Organisations are increasingly recognising that paid parental leave alone isn’t enough to make returning parents feel supported and equipped to return to work – yet turnover of Mothers returning to work remains high.
For Emma Walsh, a background in HR and her own experiences of re-entering the workforce after becoming a mother provided unique insight into the equation of Mums returning to work. Walsh consulted her friends and colleagues about the challenges they had experienced when returning to work, and what help and support they had received. “Overwhelmingly, the answer was none,” Walsh said.
Her experiences led her to found Mums@Work,a provider of return to work guidance. The organisation is now a leader in facilitating return-to-work programs, and designs in-house programs about how to facilitate parents returning to work. At KPMG, Walsh said the proper conversations were simply not taking place. However, after increasing diversity training and providing more specialist support to returning parents, the organisation has experienced a more successful re-integration process.
According to Walsh, the way organisations tackle the return to work transition has improved. “I think there’s been a significant shift in the last six years, and we’ve seen much more willingness to acknowledge a need for flexibility for people with families, from a time when a lot of parents almost had to pretend they didn’t have kids, and just get on with it.”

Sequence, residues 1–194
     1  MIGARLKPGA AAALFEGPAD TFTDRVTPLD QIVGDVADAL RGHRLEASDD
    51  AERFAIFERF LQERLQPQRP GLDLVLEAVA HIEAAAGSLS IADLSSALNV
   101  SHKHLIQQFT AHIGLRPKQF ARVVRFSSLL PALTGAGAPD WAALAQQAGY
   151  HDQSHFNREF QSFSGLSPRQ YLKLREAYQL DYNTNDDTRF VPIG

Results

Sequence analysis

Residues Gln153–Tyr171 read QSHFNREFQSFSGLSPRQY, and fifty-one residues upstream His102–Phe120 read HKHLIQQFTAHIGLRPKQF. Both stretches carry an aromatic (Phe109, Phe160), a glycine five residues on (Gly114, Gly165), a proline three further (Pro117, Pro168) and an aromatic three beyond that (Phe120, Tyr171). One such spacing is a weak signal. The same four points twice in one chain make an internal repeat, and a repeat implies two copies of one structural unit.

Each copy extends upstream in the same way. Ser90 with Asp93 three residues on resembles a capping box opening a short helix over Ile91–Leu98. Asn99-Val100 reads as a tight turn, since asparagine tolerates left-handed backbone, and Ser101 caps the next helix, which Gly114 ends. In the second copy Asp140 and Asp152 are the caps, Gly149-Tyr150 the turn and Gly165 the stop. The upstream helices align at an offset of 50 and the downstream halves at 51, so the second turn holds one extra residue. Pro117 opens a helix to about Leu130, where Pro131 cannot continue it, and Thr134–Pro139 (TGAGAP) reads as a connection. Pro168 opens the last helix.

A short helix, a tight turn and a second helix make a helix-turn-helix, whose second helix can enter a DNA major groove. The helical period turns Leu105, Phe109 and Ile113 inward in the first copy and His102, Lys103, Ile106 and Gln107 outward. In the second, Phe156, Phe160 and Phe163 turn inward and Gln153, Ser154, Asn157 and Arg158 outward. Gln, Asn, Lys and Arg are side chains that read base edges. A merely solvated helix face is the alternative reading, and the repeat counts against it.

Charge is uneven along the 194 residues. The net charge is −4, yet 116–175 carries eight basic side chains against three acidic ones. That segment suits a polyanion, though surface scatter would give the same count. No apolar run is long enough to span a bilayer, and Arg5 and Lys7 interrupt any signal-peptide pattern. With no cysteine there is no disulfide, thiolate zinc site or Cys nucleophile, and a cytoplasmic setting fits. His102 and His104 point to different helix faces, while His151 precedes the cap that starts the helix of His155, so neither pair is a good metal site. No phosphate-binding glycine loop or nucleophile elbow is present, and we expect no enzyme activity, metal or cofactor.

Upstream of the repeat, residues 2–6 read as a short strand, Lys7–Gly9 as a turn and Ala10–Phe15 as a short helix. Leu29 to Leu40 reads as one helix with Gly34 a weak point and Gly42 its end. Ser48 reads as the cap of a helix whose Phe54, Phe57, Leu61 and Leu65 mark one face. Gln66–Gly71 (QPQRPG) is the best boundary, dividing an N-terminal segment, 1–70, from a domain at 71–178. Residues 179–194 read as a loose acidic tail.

Lucille Rogers, a mother of three and a former HR director with more than 15 years in the business, found that despite dropping to three days a week, the “hour’s equation” still didn’t add up. Rogers fully expected to completely transition back into her role, but didn’t account for a new variable: the emotional side of returning to work. Rogers was in the unique duel position of understanding the business requirements from a HR perspective and also as a new Mum returning to work. For Rogers, who is now a USANA Health Sciences associate, the biggest pitfall was estimating what would be achievable before taking leave. “At the end of the day, a workplace is a workplace and a business needs as many hours as they can get. But for Mum’s, they need flexibility, and of course it becomes emotional.”
Walsh said successful re-integration is achievable, and time and time again one of the main pitfalls employers make is not sitting down with the employee after they return and doing a ‘job redesign’. “So often Mums go in with unrealistic expectations about what can actually do. The focus needs to shift from what they can’t do, to what they can do.”
Resources sector a salary yardstick
From amateur to professional: Coaching comes of age
HR critical to disaster management strategies
Greens introduce bill to enforce flexible work conditions
Sign a 'consensual relationship agreement'
Please, don't take a seat